It might look like a handful of Nerds candy, but this close up of nanodiamonds shows how they form unique structures that can protect and deliver drugs more efficiently.
Diamonds may be the ultimate in glitz for their beauty and unparalleled sparkle, but for us, the real diamond gems captivating our attention are invisible.
Tiny diamond nanoparticles (or nanodiamonds) – only an 8000th the width of a human hair – are proving to be extremely valuable in medicine, giving way to new life saving treatments and diagnostic tests.
Just a couple of years ago, a diamond discovery by our virtual nanoscientist and current Feynman Prize winner, Amanda Barnard, underpinned a new chemotherapy treatment that targets brain tumours.
Developed by the UCLA (University of California, Los Angeles), the treatment uses nanodiamonds to carry chemotherapy drugs directly into brain tumours, providing greater cancer-killing efficiency and less side effects than other treatments.
The technology was made possible thanks to Amanda’s discovery that diamond nanoparticles have unique electrostatic properties that repel or attract (kind of like a magnet) so that they spontaneously arrange into very useful structures.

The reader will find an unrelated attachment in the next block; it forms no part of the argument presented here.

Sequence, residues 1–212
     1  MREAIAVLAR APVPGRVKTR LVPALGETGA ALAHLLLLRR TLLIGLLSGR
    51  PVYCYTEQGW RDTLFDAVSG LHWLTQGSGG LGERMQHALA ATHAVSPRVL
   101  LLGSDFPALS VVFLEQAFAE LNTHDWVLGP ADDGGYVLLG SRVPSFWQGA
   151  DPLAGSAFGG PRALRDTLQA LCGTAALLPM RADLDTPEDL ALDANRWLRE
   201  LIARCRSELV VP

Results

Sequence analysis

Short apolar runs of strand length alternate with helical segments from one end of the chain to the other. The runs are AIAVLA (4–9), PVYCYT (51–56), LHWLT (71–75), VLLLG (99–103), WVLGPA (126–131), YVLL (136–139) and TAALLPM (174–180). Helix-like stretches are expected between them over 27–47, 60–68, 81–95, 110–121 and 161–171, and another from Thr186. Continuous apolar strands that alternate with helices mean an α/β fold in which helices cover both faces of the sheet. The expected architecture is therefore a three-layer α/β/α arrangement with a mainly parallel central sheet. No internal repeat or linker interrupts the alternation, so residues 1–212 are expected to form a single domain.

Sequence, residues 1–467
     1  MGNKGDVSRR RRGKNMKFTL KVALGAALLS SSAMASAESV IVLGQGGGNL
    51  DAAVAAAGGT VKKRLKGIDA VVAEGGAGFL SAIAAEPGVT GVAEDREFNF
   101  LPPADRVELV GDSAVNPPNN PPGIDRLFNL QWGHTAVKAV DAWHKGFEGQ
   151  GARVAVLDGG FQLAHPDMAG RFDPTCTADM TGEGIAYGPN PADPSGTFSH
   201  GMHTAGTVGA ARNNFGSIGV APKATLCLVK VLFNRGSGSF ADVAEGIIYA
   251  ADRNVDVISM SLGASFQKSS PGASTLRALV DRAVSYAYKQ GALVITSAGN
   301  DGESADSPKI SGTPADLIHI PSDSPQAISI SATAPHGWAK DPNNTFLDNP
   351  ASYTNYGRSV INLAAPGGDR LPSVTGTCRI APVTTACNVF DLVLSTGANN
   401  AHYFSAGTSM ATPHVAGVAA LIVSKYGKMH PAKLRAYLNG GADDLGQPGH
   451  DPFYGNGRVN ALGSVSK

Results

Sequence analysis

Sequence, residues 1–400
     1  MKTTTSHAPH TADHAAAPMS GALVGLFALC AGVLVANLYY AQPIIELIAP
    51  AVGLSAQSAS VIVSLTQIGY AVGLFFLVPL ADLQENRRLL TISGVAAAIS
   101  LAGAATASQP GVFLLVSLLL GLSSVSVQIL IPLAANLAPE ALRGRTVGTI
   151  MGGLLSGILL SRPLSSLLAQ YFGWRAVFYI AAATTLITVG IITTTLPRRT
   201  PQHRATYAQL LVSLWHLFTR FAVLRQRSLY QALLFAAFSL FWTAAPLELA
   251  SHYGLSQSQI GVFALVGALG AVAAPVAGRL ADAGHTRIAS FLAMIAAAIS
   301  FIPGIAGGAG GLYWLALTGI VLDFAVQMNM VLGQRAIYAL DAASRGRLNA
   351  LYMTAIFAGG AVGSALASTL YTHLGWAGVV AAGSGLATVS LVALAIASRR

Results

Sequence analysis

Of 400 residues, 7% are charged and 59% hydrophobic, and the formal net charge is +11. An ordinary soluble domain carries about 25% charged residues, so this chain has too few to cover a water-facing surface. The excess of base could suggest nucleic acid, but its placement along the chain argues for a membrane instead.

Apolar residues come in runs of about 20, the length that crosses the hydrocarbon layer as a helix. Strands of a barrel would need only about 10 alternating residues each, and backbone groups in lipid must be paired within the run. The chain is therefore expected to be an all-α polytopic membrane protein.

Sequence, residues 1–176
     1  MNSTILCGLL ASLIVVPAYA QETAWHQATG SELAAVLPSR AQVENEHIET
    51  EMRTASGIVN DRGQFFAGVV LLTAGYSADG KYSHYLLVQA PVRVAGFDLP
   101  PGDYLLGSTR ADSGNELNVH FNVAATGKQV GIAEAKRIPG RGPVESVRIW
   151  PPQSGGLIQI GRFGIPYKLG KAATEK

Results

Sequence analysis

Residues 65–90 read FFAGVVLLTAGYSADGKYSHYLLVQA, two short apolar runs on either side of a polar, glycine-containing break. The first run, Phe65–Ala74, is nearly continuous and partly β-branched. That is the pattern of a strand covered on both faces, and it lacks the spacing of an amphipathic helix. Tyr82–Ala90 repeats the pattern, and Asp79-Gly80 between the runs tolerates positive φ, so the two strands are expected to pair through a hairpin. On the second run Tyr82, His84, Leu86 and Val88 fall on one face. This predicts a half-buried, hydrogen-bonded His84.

Let’s take a closer look at what that looks like. Nanodiamonds have many facets – imagine the polished cut of a precious gem or the surface of a soccer ball – and each facet has an electrostatic property characterised by a different colour.
The coloured surface of one nanodiamond connects with the complementary colour surface of another nanodiamond, while surfaces of the same colour repel. Multiply this process by many and the particles come together much like a three-dimensional jigsaw puzzle.
The coloured facets of each nanodiamond have a unique electrostatic property that allows them to attract or repel.
It’s these electrostatic properties that the UCLA used to bond the chemotherapy drug, doxorubicin, to the nanodiamonds at a molecular level.
The nanodiamond-doxorubicin combination (or NDX) delivers the same drug but with greater precision, in reduced doses, and with a slower and sustained release. It has been shown to delay tumour growth and improve patient outcomes.
Nanotechnologies like this offer huge potential in medicine, and when employed side by side with pharmacology, will improve drug delivery methods and speed up drug discovery.
For example, we can move away from repeated, re-administration of treatments and use more implants that offer the same (or better) control over dose rate and treatment cycles.
New drugs that more effectively target the site of disease will also lead to reduced dosages and less side effects, as well as the ability to tailor treatments.
We hope that our nanoscience research will continue to influence breakthrough health developments that benefit people around the globe.
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